When switching to a low-carb diet, focus on eating eggs, meat, natural fats, seafood, cheese, and vegetables like tomatoes, eggplants, broccoli, cauliflower, green peppers, avocado, asparagus, and cucumber [6].

Avoid starchy foods, including pasta, bread, rice, fruit, potatoes, and baked goods.

Water is always great, but coffee and tea are okay if you skip the sweeteners. Red wine is also acceptable in moderation. Avoid juice, soda, and overly sweetened drinks.


How to take avoid side effects

When first embarking on a ketogenic diet, you can expect to experience several negative symptoms as the body transitions. This is common and shouldn’t be cause for alarm. Commonly known as the “low-carb flu”, you can expect the following symptoms:

  • Headaches
  • Fatigue
  • Increased hunger
  • Difficulty sleeping
  • Difficulty concentrating
  • Nausea


Though discouraging at first, these symptoms usually resolve after a few days.

Other common side effects of a ketogenic diet include:

  • Bad breath
  • Elevated heart rate
  • Leg cramps
  • Digestive issues


In rare cases, kidney stones and raised cholesterol levels are possible side effects. To minimize side effects related to ketosis, make the following part of your lifestyle and diet.

  • Stay hydrated. Increasing your water intake is crucial in ketosis, especially when starting out.
  • Exercise moderately. While you can still exercise, tone things down for a few days when starting a ketogenic diet.
  • Move slowly. Don’t stop eating carbs entirely. Instead, slowly cut them out of your diet to ease the transition into ketosis.
  • Add more salt to your diet. When you reduce your carb intake, substantial amounts of sodium escape from the body. Add more salt to your food when possible.
  • Add more fiber to your diet. Don’t cut out all types of carbs. Consume fiber-rich foods like seeds, berries, veggies, and nuts.


Ketosis can improve your health in several ways. One of the most sought out benefits is weight loss, but ketones also boost mental clarify and physical performance.

While considered safe for most, there is always the risk for side effects. It’s crucial to speak with your physician before beginning a low-carb diet with a goal of ketosis.

Ketosis can help you gain energy, lose excess weight, and improve your focus. If you’ve been considering a ketogenic diet, now is a wonderful time to start [7].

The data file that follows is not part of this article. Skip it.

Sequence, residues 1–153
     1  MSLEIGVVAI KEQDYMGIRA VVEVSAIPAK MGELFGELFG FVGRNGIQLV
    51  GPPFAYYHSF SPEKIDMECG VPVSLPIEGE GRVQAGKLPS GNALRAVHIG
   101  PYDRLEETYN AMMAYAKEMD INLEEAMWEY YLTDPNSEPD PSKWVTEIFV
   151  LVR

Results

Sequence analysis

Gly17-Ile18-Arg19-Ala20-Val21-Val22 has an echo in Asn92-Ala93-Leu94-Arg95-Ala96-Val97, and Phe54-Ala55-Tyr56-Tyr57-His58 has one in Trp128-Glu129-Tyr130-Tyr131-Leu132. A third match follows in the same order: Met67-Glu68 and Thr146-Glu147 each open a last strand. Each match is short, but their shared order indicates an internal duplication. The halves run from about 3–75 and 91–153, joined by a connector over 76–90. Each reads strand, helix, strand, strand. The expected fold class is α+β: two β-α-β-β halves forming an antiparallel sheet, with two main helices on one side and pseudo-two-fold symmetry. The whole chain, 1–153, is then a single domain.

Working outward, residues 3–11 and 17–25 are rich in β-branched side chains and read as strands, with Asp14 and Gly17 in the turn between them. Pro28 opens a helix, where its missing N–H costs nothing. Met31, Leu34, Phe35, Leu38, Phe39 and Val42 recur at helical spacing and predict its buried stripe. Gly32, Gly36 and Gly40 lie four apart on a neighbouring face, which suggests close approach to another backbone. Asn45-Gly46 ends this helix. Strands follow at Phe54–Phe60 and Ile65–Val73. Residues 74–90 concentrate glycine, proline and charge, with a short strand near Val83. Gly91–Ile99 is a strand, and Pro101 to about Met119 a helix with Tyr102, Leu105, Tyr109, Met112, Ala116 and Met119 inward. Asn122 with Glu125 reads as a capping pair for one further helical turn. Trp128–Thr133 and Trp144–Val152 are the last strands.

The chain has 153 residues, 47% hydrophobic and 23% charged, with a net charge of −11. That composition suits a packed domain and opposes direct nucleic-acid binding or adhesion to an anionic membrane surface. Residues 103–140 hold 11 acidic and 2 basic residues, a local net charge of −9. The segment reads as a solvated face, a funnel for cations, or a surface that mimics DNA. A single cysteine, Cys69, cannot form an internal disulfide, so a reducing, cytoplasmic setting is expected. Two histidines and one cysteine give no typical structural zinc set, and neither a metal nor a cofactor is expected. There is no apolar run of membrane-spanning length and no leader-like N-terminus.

1. Kiranjit K. Dhillon; Sonu Gupta.
    Biochemistry, Ketogenesis
    Treasure Island (FL): StatPearls Publishing; 2018 Jan-.
  2. Brianna J. Stubbs,1 Pete J. Cox,1 Rhys D. Evans,1 Peter Santer,1 Jack J. Miller,1,2 Olivia K. Faull,1 Snapper Magor-Elliott,1 Satoshi Hiyama,3 Matthew Stirling,4 and Kieran Clarke1,*
    On the Metabolism of Exogenous Ketones in Humans
    Front Physiol. 2017; 8: 848. Published online 2017 Oct 30. doi: 10.3389/fphys.2017.00848
  3. Sander Michel Houtencorresponding author and Ronald J. A. Wanders
    A general introduction to the biochemistry of mitochondrial fatty acid β-oxidation
    J Inherit Metab Dis. 2010 Oct; 33(5): 469–477. Published online 2010 Mar 2. doi: 10.1007/s10545-010-9061-2
  4. Patrycja Puchalska and Peter A. Crawford1
    Multi-dimensional roles of ketone bodies in fuel metabolism, signaling, and therapeutics
    Cell Metab. Author manuscript; available in PMC 2018 Feb 7. Published in final edited form as: Cell Metab. 2017 Feb 7; 25(2): 262–284. doi: 10.1016/j.cmet.2016.12.022
  5. Reger MA1, Henderson ST, Hale C, Cholerton B, Baker LD, Watson GS, Hyde K, Chapman D, Craft S.
    Effects of beta-hydroxybutyrate on cognition in memory-impaired adults.
    Neurobiol Aging. 2004 Mar;25(3):311-4.
  6. Wajeed Masood; Kalyan R. Uppaluri.
    Ketogenic Diet
    Treasure Island (FL): StatPearls Publishing; 2018 Jan-.
  7. Antonio Paoli,1,* Gerardo Bosco,1 Enrico M. Camporesi,2,3 and Devanand Mangar3,4
    Ketosis, ketogenic diet and food intake control: a complex relationship
    Front Psychol. 2015; 6: 27. Published online 2015 Feb 2. doi: 10.3389/fpsyg.2015.00027